The major maternal complications reported to be associated with obesity during pregnancy include hypertensive disease (chronic hypertension and pre-eclampsia), diabetes mellitus (pregestational and gestational), respiratory disorders (asthma and sleep apnoea), thromboembolic disease, Caesarean section and infections (primarily urinary tract infections, wound infections and endometritis) [27]. Association between obesity and hypertensive disorders of pregnancy, diabetes, delivery by Caesarean section (both primary and repeat) are well documented [28–30]. Although obese parturients are at significant risk of pre-eclampsia, they do not seem to be at increased risk of HELLP (Haemolysis, Elevated Liver enzymes, Low Platelets) syndrome [31]. As discussed before, dyslipidaemias, lipid peroxidation, endothelial damage, platelet aggregation and inflammatory mediators make direct and indirect contributions towards the pathophysiology of the hypertensive disorders of pregnancy [21]. Complications during labour such as intrapartum fetal distress, meconium aspiration, failure to progress, abnormal presentation, shoulder dystocia and an increased rate of instrumental delivery are more common [28, 32, 33]. Moreover, the success of vaginal birth after Caesarean section has been shown to decrease stepwise with increasing maternal BMI [32, 34]. Postoperative endometritis and wound infection are significantly higher in obese women [33–35] Obesity is an intrinsic risk factor for both increased operative blood loss and postpartum haemorrhage [36]. Carter et al. have demonstrated a significant association between BMI, eating attitudes and symptoms of anxiety and depression in the postpartum period that are not present during pregnancy [37]. Overall, the literature suggests that obese pregnant women have a 14–25% incidence of pre-eclampsia, a 6–14% incidence of gestational diabetes and a 30–47% likelihood of Caesarean delivery [27, 28].

Fetal morbidity

Maternal obesity is associated with fetal macrosomia, increased risk of birth defects and fetal deaths [38–40]. Various studies have revealed an increased risk of a variety of conditions such as neural tube defects, especially spina bifida, omphalocoele and heart defects, in particular ventricular outflow tract defects or multiple anomalies [39]. Moreover, increasing maternal size represents a major risk factor for failure of ultrasound to diagnose fetal anomalies [41]. Chauhan et al. reported a higher incidence of umbilical arterial acidosis (pH < 7.10) among obese women regardless of whether they had a trial of labour or repeat Caesarean delivery [29]. The higher incidence of fetal compromise in morbidly obese women could be the result of an inability to assess the fetus adequately because of size, underlying medical complications such as chronic hypertension, pregestational diabetes or that traditional intrauterine resuscitative efforts are inadequate in overweight patients. Obese women face difficulties with both lactogenesis and initiation of breast-feeding because of a decreased prolactin response to suckling [42, 43]. Breast-feeding is protective of childhood obesity [44]. The worries about propagation of a vicious circle are being confirmed by the longitudinal study of British cohort from 1958 that concludes maternal weight rather than birth weight as an important risk factor for childhood obesity and adult BMI [45].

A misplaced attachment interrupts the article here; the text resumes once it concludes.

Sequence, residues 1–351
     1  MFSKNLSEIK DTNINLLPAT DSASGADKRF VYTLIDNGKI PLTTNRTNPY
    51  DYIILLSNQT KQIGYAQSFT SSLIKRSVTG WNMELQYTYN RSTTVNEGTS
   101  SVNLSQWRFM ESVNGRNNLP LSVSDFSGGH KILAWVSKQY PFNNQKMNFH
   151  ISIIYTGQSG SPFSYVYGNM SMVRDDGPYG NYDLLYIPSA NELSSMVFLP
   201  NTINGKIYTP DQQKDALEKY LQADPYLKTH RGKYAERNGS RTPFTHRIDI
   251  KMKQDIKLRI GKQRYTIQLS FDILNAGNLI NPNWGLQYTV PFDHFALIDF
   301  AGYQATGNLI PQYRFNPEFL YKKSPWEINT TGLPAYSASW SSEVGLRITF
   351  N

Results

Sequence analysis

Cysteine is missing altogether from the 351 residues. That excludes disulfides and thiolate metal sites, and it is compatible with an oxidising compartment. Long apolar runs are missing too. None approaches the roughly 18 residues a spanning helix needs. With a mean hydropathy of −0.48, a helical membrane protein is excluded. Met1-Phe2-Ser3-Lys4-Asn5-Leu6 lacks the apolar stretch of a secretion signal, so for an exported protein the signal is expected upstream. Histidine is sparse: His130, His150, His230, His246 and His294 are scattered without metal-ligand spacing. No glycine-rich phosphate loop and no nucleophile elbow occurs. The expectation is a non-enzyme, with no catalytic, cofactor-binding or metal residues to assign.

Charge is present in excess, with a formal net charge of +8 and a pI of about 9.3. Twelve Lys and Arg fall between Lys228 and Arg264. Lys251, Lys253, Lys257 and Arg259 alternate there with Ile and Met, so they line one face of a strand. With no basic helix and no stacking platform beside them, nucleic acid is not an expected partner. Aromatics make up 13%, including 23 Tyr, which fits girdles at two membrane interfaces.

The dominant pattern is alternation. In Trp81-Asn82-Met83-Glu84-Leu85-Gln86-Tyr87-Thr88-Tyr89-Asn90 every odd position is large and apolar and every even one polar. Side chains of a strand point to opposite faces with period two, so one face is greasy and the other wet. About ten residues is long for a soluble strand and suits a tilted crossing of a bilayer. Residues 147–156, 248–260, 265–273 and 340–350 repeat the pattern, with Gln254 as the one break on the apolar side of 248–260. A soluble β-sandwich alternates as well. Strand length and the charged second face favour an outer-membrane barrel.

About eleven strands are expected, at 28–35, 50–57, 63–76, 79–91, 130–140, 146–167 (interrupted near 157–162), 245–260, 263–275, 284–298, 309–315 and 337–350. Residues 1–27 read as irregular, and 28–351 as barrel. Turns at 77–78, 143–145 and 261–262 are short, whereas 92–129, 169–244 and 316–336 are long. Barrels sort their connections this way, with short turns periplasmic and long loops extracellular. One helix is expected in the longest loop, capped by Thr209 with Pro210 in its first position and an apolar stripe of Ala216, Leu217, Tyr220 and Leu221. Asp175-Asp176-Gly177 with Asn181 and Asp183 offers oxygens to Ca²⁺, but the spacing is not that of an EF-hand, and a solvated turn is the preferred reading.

Weight gain and changes

Pregnancy is normally associated with weight gain that consists of the growing fetus and enlarging maternal-fluid and soft-tissue compartments including fat. On average, a 3.5 kg weight gain is mostly due to maternal storage of fat during pregnancy [46]. Ledermann et al. showed that women who are overweight or obese and gain weight as recommended during pregnancy appear to have a small or negligible increase in total body fat [17]. The main components of weight gain in these heavier women are fluid and non-fat soft tissues. Community based studies have also reported that maternal obesity is not associated with increased weight gain after pregnancy, though they are generally at risk of gaining more weight [47].